Students will submit a proposal and present a paper just as they would at a professional technical communication conference. Public speaking skills will be augmented with the latest graphic presentation skills and software. Students will research, write, and organize a talk to either persuade or inform an audience of technical communication professionals. This course is designated for technical communication majors; others on a space available basis. Students may not receive credit for both COM 302 and COM 300.

COM 306     Report Writing and Technical Communication (4)

Students will learn to communicate more effectively in a professional environment through ample practice with individual as well as group composed documents (i.e. memos, letters, instructions, proposals, and analytical reports) and the oral presentation of a formal report. Since the course is usually taught in a computer lab, word processing and computer graphics are used to enhance the reports. Meets Upper Division Writing.

COM 307     Business Communications (4)

Business communication will give students preparation for effective writing in business and related fields. Because an understanding of persuasion is key to effective business communication, students will practice and master both audience and rhetorical analysis for all formal assignments, and the standards of formatting for various business documents. Specifically, students will write single and multiple audience routine and specialized correspondences using direct and indirect organization patterns, resumes and job letters, proposals, annotated bibliographies and multi-part research papers. Students will write graded and ungraded work individually and in teams, and part of the course will be devoted to self and team evaluation. A graded oral presentation will also be part of the class. Meets Upper Division Writing requirement.

COM 308     Analytical & Research Writing (4)

Students pursue a research project of their own design, using primary sources. Statistical and theoretical sources are analyzed in class and used in the research essay. Students keep a research log and practice a variety of research methods. Meets Upper Division Writing requirement.

COM 310    Technical Editing (4)

A study of the principles of editing and their application to a wide variety of documents. Students will complete two major projects, one in copyediting and one in comprehensive editing. For both projects, students work with documents and clients from off campus. Students edit many sample documents and review each other’s work in class. Prerequisite: COM 306 or equivalent. Cross listed with IDT 531.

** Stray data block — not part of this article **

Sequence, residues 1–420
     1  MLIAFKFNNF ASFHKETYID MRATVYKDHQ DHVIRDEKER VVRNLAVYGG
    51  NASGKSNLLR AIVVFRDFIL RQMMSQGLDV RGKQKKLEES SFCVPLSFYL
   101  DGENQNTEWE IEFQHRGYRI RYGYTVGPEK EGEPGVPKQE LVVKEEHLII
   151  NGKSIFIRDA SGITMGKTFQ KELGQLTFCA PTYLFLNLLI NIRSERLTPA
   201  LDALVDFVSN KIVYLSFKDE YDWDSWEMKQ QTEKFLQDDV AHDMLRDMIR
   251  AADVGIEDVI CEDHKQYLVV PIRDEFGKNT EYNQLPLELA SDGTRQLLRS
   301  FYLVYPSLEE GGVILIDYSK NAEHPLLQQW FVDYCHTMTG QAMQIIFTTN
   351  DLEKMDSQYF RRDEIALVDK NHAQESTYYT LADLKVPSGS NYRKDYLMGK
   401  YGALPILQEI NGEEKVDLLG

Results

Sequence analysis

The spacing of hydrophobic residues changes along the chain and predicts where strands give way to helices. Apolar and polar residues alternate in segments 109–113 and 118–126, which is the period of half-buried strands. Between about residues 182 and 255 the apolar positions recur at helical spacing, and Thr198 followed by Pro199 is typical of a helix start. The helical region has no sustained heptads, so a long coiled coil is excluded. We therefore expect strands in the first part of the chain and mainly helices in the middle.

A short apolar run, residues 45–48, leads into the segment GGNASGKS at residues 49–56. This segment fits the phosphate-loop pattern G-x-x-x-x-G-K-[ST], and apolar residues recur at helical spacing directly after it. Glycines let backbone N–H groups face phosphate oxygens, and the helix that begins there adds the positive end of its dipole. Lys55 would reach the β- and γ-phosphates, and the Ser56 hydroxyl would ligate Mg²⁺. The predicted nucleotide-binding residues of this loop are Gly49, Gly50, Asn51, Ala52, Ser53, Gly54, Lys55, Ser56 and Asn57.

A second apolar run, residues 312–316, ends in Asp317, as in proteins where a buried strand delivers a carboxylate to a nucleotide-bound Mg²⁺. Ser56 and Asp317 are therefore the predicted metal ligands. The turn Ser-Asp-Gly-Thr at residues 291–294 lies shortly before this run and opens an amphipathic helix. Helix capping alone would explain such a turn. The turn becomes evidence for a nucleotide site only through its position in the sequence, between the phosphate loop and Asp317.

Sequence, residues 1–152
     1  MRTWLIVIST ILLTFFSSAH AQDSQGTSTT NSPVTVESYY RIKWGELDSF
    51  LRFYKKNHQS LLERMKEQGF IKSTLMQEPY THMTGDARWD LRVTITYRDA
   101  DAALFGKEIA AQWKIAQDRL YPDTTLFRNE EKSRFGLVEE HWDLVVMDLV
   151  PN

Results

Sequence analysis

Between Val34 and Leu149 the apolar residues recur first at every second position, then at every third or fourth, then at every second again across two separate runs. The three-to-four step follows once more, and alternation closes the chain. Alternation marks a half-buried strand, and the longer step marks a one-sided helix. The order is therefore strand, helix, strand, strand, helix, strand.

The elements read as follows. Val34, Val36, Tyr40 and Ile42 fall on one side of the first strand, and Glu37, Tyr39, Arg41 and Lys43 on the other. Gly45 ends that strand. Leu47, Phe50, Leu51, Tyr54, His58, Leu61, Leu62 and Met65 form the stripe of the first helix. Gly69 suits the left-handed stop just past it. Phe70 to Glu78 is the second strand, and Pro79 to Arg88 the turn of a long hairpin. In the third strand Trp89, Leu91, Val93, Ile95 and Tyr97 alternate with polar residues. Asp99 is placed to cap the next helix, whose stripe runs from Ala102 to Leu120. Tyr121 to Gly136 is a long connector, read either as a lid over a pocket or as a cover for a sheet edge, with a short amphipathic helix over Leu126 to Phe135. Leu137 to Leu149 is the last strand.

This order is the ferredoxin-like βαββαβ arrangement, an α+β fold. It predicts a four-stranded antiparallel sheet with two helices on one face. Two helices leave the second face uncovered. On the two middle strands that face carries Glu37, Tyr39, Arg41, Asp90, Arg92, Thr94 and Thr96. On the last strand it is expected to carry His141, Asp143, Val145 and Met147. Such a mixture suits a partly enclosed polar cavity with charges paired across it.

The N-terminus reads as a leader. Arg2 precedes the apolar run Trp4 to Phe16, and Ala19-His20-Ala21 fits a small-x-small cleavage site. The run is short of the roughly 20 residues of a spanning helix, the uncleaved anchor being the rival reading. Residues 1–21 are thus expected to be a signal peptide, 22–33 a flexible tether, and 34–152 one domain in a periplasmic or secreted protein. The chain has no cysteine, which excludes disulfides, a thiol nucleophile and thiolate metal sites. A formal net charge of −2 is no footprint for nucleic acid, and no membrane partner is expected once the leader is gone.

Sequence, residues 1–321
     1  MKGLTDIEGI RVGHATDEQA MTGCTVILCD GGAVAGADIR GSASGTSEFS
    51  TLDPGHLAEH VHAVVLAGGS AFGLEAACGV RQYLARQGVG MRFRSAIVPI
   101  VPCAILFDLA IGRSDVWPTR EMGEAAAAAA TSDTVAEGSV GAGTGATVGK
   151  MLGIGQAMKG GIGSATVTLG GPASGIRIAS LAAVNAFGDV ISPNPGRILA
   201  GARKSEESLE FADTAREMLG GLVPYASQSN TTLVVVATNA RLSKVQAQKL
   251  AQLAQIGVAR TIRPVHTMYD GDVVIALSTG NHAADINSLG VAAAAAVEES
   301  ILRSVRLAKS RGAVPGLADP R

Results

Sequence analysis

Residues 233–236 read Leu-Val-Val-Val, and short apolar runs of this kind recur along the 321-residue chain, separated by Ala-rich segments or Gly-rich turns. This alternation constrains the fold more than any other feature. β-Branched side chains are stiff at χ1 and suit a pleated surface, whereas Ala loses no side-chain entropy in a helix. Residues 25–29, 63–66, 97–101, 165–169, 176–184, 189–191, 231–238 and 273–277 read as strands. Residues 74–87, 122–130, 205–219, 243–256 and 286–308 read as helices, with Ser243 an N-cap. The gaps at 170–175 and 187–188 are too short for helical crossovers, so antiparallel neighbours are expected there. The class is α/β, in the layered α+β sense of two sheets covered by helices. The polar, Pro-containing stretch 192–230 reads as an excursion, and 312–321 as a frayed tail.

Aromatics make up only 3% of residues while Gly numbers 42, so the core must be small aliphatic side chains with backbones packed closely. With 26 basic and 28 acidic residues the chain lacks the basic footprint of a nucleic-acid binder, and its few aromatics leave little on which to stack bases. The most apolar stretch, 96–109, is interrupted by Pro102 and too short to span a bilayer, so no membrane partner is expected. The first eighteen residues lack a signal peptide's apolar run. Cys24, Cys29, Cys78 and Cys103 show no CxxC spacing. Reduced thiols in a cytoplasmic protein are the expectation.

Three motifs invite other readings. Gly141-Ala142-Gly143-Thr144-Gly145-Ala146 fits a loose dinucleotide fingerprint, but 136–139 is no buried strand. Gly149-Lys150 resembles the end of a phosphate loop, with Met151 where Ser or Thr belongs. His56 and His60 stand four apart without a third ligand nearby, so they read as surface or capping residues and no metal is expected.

COM 311    Public Relations Writing (4)

Designed to teach students the basic concepts of effective public relations writing and to give them a solid foundation in the use of multiple communication tools that are used in the public relations industry. The emphasis is on media techniques, preparation of materials, and the dissemination of them through appropriate channels. Meets Upper Division writing requirement.

COM 316    Media and Communication (4)

The impact of the mass media (television, radio, journalism, film) upon American society is well‑documented. Emerging technologies (computer-mediated communication, cable video, satellite communications) will further change the ways in which we communicate. Through study of communication theory, survey of traditional and new media, and creation of original media projects, students will explore the relevance of the new technologies to their own disciplines. Meets new General Education Humanities requirement.

COM 320    Information Design (4)

Students will be exposed to the nature of visual language and how designers use and readers process such information. Theories and research that relate to visual communication will be covered. Students will analyze and evaluate selected readings and examples; and students will use modern desktop publishing techniques to design and produce printed material. Additionally, the theory of design of online material will be discussed with particular emphasis on publication of World Wide Web home pages. Projects will include home page design and publication. Concepts covered earlier in the course will be applied to computer screen design. Prerequisite: Knowledge of basic computer skills.

COM 341     Video and Communication (4)

Examines the role of video in the new communication technologies through projects which use video for various applications: education, training, sales promotion, etc. Emphasis is placed on the design process and the many choices available to deliver a video-based message. The course will draw upon the Institute’s Instructional Media studio capabilities. Pre/Corequisite: COM 342 is recommended, but not required.

COM 342     Field and Studio Video Production (4)